They're only high school students, but they are making accessories for shoes, fabricating backpacks and doing product photography - all through their own businesses. It's the result of a partnership between a non-profit organization that teaches entrepreneurship and their schools. VOA's Mike O'Sullivan and Deyane Moses met the budding entrepreneurs near Los Angeles.
Video

Video Astronauts Train in Underwater Lab

In the world’s only underwater laboratory, four U.S. astronauts train for a planned visit to an asteroid. The lab - called Aquarius- is located five kilometers off Key Largo, in southern Florida. Living in close quarters and making excursions only into the surrounding ocean, they try to simulate the daily routine of a crew that will someday travel to collect samples of a rock orbiting far away from earth. VOA’s George Putic has more.
Video

Video Not Even Monks Spared From Thailand’s Junta-Backed Morality Push

With Thailand’s military government firmly in control after May’s bloodless coup, authorities are carrying out plans they say are aimed at restoring discipline, morality and patriotism to all Thais. The measures include a crackdown on illegal gambling, education reforms to promote students’ moral development, and a new 24-hour phone hotline for citizens to report misbehaving monks. Steve Sandford reports from Bangkok.
Video

Video Virtual Program Teaches Farming Skills

In a fast-changing world beset by unpredictable climate conditions, farmers cannot afford to ignore new technology. Researchers in Australia are developing an online virtual world program to share information about climate change and more sustainable farming techniques for sugar cane growers. As VOA's Zlatica Hoke reports, the idea is to create a wider support network for farmers.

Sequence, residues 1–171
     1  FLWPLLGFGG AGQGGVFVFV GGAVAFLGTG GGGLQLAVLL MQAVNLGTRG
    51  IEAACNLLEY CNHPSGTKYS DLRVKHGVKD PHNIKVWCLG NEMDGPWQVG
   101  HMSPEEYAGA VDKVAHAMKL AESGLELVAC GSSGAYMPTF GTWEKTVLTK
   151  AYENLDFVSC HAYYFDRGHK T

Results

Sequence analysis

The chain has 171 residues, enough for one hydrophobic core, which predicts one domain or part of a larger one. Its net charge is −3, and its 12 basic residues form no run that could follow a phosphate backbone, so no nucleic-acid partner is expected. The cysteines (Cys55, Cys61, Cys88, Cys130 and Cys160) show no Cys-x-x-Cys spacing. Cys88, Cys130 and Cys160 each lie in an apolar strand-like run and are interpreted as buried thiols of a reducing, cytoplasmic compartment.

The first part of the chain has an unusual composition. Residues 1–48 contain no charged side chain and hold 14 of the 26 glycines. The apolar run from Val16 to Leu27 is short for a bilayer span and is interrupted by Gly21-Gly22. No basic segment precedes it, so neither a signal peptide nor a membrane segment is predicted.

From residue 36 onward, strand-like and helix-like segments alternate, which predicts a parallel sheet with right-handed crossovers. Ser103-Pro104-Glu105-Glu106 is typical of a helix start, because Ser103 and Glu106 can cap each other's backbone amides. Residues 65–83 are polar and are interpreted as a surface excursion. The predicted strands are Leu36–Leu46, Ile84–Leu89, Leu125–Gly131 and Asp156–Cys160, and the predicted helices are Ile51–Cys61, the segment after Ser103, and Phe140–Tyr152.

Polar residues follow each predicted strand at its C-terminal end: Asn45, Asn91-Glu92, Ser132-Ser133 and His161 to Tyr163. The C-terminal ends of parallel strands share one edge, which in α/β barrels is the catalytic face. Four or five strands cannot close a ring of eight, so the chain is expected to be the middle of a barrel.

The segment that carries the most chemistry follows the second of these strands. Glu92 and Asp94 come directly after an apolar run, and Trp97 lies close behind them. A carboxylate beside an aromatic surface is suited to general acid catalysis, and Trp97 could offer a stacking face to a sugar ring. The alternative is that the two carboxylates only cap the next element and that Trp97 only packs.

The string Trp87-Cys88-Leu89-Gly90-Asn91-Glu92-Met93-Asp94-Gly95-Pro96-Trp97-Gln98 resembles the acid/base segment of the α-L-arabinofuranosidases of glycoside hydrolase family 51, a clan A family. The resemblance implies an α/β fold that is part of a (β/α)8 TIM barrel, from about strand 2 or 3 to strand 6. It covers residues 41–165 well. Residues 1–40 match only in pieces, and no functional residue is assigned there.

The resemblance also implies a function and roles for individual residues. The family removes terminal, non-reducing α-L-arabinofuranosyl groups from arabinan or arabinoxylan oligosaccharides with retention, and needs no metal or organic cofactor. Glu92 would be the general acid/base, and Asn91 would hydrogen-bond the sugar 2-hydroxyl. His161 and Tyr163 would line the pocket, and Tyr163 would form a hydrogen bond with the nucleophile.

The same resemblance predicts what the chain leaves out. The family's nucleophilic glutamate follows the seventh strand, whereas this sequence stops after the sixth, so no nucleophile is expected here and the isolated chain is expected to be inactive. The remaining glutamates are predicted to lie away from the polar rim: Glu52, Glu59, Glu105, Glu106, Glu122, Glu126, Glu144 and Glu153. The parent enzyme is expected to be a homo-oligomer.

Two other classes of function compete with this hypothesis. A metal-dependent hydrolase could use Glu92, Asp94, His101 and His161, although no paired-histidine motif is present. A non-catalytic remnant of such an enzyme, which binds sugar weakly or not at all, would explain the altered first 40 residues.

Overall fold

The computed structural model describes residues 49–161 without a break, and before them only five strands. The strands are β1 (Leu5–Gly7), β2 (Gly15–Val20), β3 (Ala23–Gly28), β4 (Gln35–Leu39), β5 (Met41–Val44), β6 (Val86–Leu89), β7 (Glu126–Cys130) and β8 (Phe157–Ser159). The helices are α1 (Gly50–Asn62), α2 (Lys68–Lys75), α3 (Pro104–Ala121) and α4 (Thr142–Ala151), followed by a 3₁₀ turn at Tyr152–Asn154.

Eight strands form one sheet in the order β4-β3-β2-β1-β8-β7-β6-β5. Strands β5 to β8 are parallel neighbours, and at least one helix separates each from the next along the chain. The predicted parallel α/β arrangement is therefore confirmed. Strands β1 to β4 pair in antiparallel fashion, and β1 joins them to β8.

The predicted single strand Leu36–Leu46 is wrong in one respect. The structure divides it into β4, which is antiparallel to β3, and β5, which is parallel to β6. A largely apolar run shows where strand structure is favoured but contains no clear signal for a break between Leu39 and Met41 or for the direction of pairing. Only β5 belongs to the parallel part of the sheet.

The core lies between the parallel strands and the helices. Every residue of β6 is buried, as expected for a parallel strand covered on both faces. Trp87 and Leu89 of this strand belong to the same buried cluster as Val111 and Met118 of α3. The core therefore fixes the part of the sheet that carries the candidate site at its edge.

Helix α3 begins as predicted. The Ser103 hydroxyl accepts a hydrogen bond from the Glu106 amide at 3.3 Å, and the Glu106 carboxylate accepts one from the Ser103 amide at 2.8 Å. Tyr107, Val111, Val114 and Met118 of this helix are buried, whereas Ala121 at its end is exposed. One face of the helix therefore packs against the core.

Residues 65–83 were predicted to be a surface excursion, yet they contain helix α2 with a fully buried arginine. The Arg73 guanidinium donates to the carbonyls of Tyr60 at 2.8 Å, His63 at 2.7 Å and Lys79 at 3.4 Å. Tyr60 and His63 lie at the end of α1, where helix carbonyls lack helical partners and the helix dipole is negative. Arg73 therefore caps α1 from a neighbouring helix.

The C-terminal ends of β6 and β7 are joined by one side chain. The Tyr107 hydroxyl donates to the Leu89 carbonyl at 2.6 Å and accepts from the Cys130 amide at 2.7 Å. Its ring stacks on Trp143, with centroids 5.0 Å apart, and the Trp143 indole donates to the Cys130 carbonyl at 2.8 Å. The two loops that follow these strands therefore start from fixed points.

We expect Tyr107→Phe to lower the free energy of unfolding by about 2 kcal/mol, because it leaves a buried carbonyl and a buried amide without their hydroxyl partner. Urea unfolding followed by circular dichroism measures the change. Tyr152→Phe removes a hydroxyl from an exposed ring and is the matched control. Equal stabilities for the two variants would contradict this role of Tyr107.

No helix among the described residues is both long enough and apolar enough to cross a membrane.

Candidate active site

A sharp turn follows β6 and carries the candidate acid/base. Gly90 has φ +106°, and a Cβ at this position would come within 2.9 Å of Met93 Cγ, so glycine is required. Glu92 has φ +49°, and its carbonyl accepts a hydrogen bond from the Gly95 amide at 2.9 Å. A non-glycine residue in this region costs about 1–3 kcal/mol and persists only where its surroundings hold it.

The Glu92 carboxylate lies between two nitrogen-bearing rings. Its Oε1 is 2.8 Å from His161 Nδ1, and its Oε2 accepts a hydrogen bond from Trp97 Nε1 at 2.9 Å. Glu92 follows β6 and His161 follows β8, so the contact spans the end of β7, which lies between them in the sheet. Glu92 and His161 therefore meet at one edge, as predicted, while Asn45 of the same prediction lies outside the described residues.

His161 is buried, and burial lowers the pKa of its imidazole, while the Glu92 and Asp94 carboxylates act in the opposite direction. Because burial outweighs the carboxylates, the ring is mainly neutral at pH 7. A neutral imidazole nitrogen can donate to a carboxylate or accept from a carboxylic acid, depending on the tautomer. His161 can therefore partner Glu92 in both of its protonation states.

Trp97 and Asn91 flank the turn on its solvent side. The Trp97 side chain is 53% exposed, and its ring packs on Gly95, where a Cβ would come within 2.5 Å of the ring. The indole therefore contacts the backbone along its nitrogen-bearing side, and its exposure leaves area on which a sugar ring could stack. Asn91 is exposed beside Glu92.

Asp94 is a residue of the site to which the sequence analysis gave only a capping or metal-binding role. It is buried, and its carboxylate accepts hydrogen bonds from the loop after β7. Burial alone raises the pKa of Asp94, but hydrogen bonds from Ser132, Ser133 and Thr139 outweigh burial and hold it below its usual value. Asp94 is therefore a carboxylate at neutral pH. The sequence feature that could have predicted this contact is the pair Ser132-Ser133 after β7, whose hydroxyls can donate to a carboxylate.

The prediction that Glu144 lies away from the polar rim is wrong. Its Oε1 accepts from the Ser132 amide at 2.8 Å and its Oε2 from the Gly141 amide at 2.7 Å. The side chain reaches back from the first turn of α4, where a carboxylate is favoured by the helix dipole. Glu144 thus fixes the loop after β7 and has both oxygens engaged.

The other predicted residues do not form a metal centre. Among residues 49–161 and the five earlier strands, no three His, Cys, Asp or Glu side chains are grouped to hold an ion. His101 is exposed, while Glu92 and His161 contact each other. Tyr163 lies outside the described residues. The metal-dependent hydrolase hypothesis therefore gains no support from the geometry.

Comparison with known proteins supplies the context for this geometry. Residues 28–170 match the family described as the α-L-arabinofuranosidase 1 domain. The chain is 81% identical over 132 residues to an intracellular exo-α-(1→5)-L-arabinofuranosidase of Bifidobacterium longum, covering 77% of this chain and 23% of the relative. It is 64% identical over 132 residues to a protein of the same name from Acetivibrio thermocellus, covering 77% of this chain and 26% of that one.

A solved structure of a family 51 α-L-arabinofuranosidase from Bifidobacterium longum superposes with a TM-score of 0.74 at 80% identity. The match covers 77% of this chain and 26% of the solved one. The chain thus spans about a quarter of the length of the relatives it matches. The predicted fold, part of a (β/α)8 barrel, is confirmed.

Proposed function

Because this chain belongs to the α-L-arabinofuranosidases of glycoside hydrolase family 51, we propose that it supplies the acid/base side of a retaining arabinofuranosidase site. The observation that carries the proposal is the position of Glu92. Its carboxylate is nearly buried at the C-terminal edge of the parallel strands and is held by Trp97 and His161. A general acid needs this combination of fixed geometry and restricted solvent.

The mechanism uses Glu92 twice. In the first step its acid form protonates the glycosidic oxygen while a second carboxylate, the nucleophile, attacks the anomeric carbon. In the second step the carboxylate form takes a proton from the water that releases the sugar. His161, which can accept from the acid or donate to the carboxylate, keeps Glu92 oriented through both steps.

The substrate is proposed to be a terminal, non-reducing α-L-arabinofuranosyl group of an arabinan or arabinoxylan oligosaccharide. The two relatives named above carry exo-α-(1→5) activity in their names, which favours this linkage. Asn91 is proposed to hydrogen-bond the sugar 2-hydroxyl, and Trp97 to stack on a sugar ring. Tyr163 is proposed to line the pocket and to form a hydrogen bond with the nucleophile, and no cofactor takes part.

Video

Video Airline Expert: Missile will Show Signature on Debris

The debris field from Malaysia Airlines Flight 17 is spread over a 21-kilometer radius in eastern Ukraine. It is expected to take investigators months to sort through the airplane pieces to learn about the missile that brought down the jetliner and who fired it. VOAs Carolyn Presutti explains how this work will be done.
Video

Video Treatment for Childhood Epilepsy Heats up Medical Marijuana Debate

In the United States, marijuana is classed as an illegal drug by the federal government. But nearly half the states have legalized it, to some degree. Proponents say some strains of marijuana might have exceptional health benefits, for treating pain or inflammation in chronic conditions such as cancer, multiple sclerosis and epilepsy. Shelley Schlender reports on a strain of medical marijuana developed in Colorado that is reputed to reduce seizures in childhood epilepsy
Video

Video Airbus Adds Metal 3D Printed Parts to New Jets

By the end of this year, European aircraft manufacturing consortium Airbus plans to deliver the first of its new, extra-wide-body passenger jets, the A350-XWB. Among other technological innovations, the new plane will also incorporate metal parts made in a 3-D printer. VOA's George Putic has more.
Video

Video AIDS Conference Welcomes Exciting Developments in HIV Treatment, Prevention

Significant strides have been made in recent years toward the treatment and prevention of HIV, the virus that causes AIDS. This year, at the International AIDS Conference, the AIDS community welcomed progress on a new pill that may prevent transmission of the deadly virus. VOA’s Anita Powell reports from Melbourne, Australia.
Video

Video IAEA: Iran Turns its Enriched Uranium Into Less Harmful Form

Iran has converted its stockpiles of enriched uranium into a less dangerous form that is more difficult to use for nuclear weapons, according to the United Nations’ Atomic Energy Agency. The move complies with an interim deal reached with Western powers on Iran's nuclear program last year, in exchange for easing of sanctions. Henry Ridgwell reports for VOA from London.

AppleAndroid